- Structural Engineer:Matt Blyth
- Landscape Architect:Ben McMaster
- Site Area:910m2
- Building Area:356m2
- Architect In Charge:Daniel Sullivan
- Country:New Zealand
Text description provided by the architects. The rebuild of the owners’ previous home lost to the Canterbury 2012 earthquake created an opportunity to reimagine their family home on a new site. Their brief called for a robust dwelling to allow for everyday living to occur on a single level, with the lower level to accommodate their growing family on occasions.
Conceived as a sculptural form, this hill house comprises a palette of raw materials including concrete, steel and timber, composed and detailed in a refined manner. Precast concrete walls extend into the landscape and anchor the house to its site.
Black zinc wraps over the upper level providing a protective metal clad enclosure perched on, and cantilevering beyond, the precast concrete wing walls below.
Exposed structural steel portal frames provide a quality of lightness by way of allowing the upper level living area to float into the view. Honest use of each material exposes the structural integrity to the occupants.
Accessed off a quiet right of way, privacy is afforded by solid walls of zinc, concrete and cedar. Entering through a dramatic backlit space, occupants make the transition from privacy to transparency and are rewarded with expansive views over the estuary to the Southern Alp’s beyond from the main living spaces. The lower level is accessed through a cedar-lined stairwell overlit by large skylight offering a continually changing quality of light.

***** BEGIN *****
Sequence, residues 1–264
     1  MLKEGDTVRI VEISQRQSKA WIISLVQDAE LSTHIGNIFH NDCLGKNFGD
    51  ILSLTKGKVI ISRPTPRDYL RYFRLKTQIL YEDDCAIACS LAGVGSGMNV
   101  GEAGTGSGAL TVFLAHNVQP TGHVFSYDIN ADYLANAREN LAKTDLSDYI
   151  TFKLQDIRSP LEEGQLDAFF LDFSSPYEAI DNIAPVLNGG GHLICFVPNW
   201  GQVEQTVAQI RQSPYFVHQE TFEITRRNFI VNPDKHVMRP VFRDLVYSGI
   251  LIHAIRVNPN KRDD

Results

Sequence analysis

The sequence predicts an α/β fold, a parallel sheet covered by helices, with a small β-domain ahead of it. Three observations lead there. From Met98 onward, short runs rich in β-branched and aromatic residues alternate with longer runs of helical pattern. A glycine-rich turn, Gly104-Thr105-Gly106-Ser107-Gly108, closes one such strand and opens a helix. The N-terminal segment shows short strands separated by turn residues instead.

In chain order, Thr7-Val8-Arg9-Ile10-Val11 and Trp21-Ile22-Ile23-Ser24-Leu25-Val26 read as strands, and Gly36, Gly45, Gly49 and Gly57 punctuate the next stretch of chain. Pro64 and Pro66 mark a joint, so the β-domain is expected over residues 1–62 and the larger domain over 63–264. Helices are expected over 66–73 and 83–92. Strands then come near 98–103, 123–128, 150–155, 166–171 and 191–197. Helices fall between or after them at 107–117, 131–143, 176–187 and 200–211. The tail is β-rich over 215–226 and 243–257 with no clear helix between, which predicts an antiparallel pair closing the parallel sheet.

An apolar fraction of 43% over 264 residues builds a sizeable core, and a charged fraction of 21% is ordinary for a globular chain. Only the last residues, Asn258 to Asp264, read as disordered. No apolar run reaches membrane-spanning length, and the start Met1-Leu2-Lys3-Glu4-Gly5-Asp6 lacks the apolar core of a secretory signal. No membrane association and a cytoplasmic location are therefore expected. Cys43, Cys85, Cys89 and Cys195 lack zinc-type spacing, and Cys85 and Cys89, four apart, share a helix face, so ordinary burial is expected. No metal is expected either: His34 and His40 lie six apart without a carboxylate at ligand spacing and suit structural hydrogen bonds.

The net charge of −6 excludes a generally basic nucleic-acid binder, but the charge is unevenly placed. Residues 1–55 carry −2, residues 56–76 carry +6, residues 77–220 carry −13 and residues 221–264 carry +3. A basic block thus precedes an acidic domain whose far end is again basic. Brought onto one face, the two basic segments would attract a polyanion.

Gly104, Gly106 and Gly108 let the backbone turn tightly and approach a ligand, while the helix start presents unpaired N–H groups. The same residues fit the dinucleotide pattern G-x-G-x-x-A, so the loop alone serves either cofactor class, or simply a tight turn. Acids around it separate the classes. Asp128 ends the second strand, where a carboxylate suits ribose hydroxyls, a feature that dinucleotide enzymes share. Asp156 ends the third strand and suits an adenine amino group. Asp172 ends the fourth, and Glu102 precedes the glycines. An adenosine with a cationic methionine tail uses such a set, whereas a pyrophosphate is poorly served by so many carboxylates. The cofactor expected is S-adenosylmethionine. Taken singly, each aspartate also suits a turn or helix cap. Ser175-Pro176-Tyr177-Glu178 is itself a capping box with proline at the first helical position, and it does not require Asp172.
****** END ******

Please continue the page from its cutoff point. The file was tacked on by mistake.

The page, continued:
Timber finishes provide richness and visual warmth to the interior. High quality materials used throughout will patina gracefully ensuring the longevity of the dwelling. Meranti plywood sheets line the ceilings throughout and return down the walls capping the crisp white plasterboard walls. Meranti plywood is used in joinery throughout.
Concrete block masonry forms the lower level wall finish and is finished with a coat of white paint to express the construction technique used.
Custom made fittings, such as oak sliding door pulls and turned blackened steel handrail caps add to the crafted nature of this project.
Designed with passive features in mind this dwelling is orientated for maximum solar gain, with opening arrangements for cross ventilation to utilise predominant breezes ensures this dwelling maintains a temperate interior.
Outdoor living is accommodated by eastern, western and northern terraces offering a choice for protection from prevailing winds and the ability to follow the sun as required throughout the day.
The resulting home offers a sense of security, substance and permanence, and affords moments of calm within spaces for reflection, embodying a way of living to better suit its occupants.